Baker Engine Restoration

Baker steam engine was forlornly waiting for rescue


| November/December 2000



Baker steam traction engine

Eric Olsen removing ferrules from Baker #974 under watchful eye of Bud Hinebeck, June 1997.

12505 Mount Garfield Road Ravenna, Michigan 49451-9416

This is the story of Baker engine #974, a 1913 16 HP built in Swanton, Ohio. As near as I can determine, I believe she originally appeared as a "Standard" model. For several years, she sat forlornly awaiting her fate in a Grand Haven, Michigan, junkyard until rescued by my grandfather in the late 1950s. A deal was consummated with the owner, Mr. Joe Bisacky, and the engine was then moved to nearby Fruitport Township.

Lester Olsen, my father, recalled the dismal shape the old girl was in: the bunkers were missing, the rear axle was frozen, the left rear axle bracket was partially pulled out of the boiler, the front axle was bowed due to some traumatic event, and the right front axle bracket was cracked in two. These conditions were what inevitably led to its demise and subsequent placing in the junkyard. Dad even admitted that the restoration of 'Miss Baker' was just too big a task to undertake.

Undeterred by adversity, and thinking positively, Grandpa Olsen, a long-time admirer of steam engines and trains, believed he could resurrect this iron hulk into a fine running machine. Thus began the tedious restoration process. He removed both drivers and the still frozen rear axle shaft and tossed the axle into a raging bonfire, hoping to melt the babbitt. Later, he reattached the axle bracket to the boiler, polished the shaft and repoured the bearings. Next, he welded a couple of water tanks and mounted them to a platform he had fabricated. A few old leaky tubes were replaced in the boiler. Eventually a new jacket was added and the crank bearings were repoured. A new canopy soon made its appearance. Grease and rust were replaced with Rustoleum red, black and silver paint. As a final touch he ordered a new Powell chime whistle. The transformation was now complete. I want to note here that Grandpa Olsen was an experienced engineer, having custom threshed and sawn lumber with a Russell outfit purchased at the close of World War I.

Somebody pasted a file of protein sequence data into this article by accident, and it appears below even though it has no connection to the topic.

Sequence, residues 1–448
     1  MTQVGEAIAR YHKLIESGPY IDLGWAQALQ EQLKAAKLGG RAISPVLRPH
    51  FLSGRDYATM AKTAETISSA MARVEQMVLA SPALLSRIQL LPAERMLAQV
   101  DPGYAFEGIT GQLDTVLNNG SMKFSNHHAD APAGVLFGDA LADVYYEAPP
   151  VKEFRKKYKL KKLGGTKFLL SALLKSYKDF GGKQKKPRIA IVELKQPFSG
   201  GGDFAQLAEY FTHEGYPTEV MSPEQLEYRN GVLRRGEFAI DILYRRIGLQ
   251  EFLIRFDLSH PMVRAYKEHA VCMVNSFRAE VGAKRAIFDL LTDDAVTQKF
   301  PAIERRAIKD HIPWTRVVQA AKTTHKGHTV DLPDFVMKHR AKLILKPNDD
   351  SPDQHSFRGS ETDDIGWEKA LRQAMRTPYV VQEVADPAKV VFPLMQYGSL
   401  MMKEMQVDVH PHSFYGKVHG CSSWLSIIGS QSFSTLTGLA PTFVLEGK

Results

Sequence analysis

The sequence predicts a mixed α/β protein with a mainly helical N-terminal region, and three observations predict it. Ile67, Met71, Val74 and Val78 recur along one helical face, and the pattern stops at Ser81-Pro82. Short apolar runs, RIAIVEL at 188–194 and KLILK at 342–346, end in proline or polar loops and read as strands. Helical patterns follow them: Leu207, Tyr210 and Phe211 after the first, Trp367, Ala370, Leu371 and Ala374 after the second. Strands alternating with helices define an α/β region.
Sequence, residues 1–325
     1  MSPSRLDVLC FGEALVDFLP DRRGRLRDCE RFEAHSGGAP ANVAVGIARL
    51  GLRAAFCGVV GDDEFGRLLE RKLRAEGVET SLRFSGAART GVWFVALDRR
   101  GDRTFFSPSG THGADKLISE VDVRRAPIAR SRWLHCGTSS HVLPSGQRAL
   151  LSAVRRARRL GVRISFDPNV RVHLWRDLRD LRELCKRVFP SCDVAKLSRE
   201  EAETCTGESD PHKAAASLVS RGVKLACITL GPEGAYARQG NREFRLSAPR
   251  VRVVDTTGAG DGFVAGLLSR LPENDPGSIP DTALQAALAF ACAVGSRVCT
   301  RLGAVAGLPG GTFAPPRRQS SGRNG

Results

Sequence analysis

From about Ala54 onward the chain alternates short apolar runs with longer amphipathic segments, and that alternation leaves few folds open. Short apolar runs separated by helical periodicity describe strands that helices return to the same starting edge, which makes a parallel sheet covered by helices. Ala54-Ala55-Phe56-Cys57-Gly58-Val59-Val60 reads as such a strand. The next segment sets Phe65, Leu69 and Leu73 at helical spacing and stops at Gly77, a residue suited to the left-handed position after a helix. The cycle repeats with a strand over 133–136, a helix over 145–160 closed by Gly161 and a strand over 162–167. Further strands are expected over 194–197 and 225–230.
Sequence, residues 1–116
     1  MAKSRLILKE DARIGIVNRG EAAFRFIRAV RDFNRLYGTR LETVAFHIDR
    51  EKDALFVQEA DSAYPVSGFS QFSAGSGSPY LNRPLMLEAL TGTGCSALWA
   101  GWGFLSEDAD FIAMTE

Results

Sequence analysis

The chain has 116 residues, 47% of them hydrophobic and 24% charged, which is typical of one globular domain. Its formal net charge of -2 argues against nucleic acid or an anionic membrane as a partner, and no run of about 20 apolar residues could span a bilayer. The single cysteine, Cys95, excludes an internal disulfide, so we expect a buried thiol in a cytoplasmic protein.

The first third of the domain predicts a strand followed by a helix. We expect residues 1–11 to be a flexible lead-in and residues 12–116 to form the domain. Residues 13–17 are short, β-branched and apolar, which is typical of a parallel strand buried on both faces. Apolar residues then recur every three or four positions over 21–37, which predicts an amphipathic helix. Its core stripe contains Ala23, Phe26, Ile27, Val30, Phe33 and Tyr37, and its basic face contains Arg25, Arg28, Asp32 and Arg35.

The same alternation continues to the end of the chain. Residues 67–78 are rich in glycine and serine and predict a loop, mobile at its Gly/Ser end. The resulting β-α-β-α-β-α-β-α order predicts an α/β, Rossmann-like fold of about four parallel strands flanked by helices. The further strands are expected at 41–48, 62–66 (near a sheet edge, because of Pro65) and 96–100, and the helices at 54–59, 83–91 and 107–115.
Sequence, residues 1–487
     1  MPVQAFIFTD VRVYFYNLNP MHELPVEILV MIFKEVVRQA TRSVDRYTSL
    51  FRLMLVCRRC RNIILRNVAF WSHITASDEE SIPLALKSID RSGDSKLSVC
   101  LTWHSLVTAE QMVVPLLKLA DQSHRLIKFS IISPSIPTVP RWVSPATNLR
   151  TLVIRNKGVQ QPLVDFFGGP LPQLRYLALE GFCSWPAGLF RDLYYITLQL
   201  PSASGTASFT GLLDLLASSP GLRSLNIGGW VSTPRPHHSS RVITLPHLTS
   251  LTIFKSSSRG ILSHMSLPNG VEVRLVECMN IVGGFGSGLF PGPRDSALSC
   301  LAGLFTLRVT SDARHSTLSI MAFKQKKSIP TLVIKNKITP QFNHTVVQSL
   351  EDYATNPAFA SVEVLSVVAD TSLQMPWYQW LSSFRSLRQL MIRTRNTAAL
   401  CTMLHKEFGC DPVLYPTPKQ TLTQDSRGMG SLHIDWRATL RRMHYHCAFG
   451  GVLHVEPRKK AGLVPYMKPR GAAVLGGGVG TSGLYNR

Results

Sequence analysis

Since my father and grandfather owned adjoining properties and were avid collectors of old machinery, they grew small quantities of various grains in order to have something to thresh. Even though I was quite young, I have fond memories of these activities, which took place in the late 1950s and early 1960s. I remember riding the McCormick binder and helping shock the bundles. I can clearly see the 16 HP Baker belted up to my dad's 22-inch McCormick separator and the jet black smoke racing skyward to mingle with the lazy white clouds. To one side I saw old Albert Johnson trying to keep up running the bagger, while my dad pitched bundles on a wagon from the other side. Grandpa was busy firing the Baker. My younger brother Jerry and I ran around the straw pile as it increased in size and shape. The grain flowed like a river out of control and rapidly filled up old burlap bags. I wondered how old Albert ever kept up. Passersby in automobiles would often stop and older fellas fondly recalled their threshing days. Some of them wanted to pitch bundles just one more time in their lives. Jim Popp, a teenager living a couple of miles away, pedaled his bicycle over to our place just about any time he heard a steam whistle shriek.

A personal tragedy occurred in 1963, when my grandfather passed away unexpectedly. My dad made arrangements with his sisters to purchase some items, including a model Y OilPull, a KT Twin City, and some gas engines. However, the Baker and a 20 HP Minneapolis would be sold outright. In fact, both of these engines were advertised in late 1963 in the Iron Men Album. The "Minnie" was purchased by Harry Wassiak of Holland, Michigan. Ironically, the Baker was picked up by its former owner, Joe Bisacky, the owner of the junk in Spring Lake. I believe he paid the paltry sum of $800.00 to reacquire the Baker in 1964. After my grandfather's death, we moved to a small 40-acre farm between Coopersville and Ravenna. There, we continued to thresh grain annually up through the early 1990s. Dad had several old gas tractors, including four OilPulls at one time, capable of running proper separator speed. He enjoyed giving them a good workout on the belt. Growing up on a small farm meant hard work, and we kids were not always thrilled to be threshing.